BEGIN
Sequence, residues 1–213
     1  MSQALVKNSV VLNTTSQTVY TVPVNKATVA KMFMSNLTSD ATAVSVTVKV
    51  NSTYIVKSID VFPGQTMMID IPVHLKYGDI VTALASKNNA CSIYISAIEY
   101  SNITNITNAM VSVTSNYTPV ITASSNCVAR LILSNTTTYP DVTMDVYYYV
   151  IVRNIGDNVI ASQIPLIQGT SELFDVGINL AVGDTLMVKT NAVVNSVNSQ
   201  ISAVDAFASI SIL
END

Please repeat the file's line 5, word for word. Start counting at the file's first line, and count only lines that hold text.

   151  IVRNIGDNVI ASQIPLIQGT SELFDVGINL AVGDTLMVKT NAVVNSVNSQ